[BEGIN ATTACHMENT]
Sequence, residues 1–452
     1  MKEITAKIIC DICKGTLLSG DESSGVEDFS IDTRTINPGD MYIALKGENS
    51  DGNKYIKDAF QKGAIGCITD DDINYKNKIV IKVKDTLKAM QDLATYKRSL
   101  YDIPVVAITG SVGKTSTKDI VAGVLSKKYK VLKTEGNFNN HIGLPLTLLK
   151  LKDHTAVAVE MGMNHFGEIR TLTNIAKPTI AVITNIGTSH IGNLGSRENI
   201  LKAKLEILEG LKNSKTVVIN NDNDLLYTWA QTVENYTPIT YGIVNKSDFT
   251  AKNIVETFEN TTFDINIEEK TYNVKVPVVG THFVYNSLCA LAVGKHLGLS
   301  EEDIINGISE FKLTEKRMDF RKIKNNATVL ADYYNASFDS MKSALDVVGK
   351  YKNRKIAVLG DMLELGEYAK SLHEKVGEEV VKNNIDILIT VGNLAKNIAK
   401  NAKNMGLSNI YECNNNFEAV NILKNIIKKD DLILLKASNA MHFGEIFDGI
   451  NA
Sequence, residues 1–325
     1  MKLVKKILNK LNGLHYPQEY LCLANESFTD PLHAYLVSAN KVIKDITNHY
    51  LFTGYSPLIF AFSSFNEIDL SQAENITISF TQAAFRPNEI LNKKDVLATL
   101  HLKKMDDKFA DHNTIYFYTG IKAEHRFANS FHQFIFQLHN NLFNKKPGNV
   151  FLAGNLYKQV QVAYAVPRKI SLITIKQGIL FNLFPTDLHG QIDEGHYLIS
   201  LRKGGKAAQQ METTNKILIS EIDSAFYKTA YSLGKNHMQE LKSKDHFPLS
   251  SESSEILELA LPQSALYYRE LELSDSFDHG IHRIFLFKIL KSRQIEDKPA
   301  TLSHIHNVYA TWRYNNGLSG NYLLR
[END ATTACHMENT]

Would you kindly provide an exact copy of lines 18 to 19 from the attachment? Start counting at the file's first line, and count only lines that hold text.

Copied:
   251  SESSEILELA LPQSALYYRE LELSDSFDHG IHRIFLFKIL KSRQIEDKPA
   301  TLSHIHNVYA TWRYNNGLSG NYLLR